I would suggest taking the BBE out and selling it to a punch-drunk DJ on craigslist. They seem to be the only people who can truly appreciate the BBE "process". Then re-EQ your system and don't worry too much about 1 frequency that is not in spec. You bought bottom-of-the-line gear. Be ecstatic that you got something that is 90% correct. Use what you've learned here and convince the church that 2 years from now (when you are replacing this system again) it would be best to hire a professional instead of someones cousin at the music store.
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Brian Wombaugh

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Re: RTA shows big drop at 1.25khz
« Reply #23 on: July 19, 2012, 11:32:17 am »

I bypassed the BBE and ran another RTA.  The difference was not that great.  The main thing that I saw was a slight increase in the frequencies from about 1khz and up.  It definately was not a reverse smiley face.  This leads me to believe that the unit must be doing something besides being an EQ.  The 1.25khz problem was still there.  As far as bottom of the line gear is concerned - the church has invested in decent microphones (EV767). I will say that even though this is an inexpensive system, after working on speaker placement and equalization this system sounds about 90% better than a lot of sanctuaries that I have been in. I have seen it again and again where a lot of churches invested thousands and thousands of dollars on everything high end and they have a sound system that still sounds like crap because someone didn't tune it or the operator doesn't have a clue how to properly use the board and mix sound.  I am a firm believer that system optimization along with sound operater training is as just important or even more so than the equipment itself. That does not however mean that you can take a "sows ear" and make a "silk purse" out of it.  There are several very moderatly priced microphone and speaker combinations that I have found that can be made to sound very nice.  This is a good balance for some of the smaller churches  which just don't have the finacial means for all the "high end" stuff.   Thanks - Brian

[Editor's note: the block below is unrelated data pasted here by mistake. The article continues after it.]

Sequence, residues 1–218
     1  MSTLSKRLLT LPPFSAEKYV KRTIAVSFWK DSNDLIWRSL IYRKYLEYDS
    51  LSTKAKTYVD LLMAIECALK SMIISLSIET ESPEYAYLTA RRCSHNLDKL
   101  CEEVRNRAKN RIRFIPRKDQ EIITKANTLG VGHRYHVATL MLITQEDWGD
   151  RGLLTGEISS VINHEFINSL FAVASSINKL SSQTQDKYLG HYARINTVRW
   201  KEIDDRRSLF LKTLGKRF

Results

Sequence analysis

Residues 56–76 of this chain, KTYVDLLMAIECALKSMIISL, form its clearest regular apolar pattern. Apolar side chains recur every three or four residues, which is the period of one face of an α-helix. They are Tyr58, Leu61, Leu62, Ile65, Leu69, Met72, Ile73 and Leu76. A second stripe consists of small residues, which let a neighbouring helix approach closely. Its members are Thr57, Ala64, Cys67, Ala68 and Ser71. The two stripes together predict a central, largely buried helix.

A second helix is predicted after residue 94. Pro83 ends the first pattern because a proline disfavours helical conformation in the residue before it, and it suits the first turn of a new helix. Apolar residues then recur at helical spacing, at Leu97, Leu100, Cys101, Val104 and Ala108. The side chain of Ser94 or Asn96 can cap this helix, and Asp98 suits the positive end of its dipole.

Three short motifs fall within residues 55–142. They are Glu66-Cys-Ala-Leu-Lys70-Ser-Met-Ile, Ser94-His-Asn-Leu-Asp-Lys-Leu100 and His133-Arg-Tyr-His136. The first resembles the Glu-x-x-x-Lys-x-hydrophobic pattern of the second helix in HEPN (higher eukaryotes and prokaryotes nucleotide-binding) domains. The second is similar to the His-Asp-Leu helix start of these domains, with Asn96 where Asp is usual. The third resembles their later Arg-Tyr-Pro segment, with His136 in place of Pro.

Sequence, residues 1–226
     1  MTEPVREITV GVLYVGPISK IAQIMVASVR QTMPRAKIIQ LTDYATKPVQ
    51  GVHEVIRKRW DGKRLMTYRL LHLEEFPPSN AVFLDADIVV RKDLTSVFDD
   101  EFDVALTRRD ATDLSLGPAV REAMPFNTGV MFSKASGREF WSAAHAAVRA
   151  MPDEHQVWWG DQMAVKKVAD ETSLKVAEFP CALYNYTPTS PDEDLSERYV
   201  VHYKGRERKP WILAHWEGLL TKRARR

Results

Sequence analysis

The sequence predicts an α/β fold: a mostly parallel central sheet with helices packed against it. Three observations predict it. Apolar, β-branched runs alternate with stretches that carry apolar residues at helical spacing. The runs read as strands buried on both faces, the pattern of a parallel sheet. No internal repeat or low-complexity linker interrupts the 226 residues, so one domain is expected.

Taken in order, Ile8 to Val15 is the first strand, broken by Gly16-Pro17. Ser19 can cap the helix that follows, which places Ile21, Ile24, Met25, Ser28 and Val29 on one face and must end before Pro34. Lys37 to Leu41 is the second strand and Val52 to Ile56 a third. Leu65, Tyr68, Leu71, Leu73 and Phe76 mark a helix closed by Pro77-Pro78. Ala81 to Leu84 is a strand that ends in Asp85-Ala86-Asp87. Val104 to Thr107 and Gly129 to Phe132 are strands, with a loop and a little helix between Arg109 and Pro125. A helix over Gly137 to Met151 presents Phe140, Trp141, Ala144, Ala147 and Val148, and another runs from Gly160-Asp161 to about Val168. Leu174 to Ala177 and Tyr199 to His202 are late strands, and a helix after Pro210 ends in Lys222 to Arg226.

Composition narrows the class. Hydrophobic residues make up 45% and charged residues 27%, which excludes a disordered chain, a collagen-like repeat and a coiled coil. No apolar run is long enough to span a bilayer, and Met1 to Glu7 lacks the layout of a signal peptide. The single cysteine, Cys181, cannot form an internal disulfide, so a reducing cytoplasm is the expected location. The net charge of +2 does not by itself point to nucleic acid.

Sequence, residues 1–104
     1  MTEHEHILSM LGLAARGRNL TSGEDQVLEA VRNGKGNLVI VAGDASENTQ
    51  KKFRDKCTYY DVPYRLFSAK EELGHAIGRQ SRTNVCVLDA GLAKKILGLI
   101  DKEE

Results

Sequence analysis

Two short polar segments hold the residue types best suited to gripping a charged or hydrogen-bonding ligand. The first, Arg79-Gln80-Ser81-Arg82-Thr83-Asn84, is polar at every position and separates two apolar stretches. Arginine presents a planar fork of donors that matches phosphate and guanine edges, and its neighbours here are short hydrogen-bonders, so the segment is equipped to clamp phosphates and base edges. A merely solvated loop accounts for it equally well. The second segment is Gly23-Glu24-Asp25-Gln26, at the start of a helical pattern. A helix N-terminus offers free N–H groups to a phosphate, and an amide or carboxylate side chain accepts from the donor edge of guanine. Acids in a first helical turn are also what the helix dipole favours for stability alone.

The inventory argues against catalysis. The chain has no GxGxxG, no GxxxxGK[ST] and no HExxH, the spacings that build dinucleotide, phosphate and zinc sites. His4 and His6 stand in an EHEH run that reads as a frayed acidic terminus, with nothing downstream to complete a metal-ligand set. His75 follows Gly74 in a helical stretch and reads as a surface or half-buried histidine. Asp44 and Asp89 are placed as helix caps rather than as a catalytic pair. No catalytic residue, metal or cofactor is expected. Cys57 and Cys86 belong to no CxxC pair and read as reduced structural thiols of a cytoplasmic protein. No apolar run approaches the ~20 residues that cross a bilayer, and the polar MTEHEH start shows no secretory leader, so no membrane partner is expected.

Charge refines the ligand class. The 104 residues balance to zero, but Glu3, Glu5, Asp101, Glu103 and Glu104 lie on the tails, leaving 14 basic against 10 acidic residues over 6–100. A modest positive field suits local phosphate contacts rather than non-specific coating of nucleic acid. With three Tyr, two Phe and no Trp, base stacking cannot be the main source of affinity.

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David Sturzenbecher

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Re: RTA shows big drop at 1.25khz
« Reply #24 on: July 19, 2012, 01:16:10 pm »

I am a firm believer that system optimization along with sound operater training is as just important or even more so than the equipment itself.

Do you feel as if you are optimizing this system? 
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Jay Barracato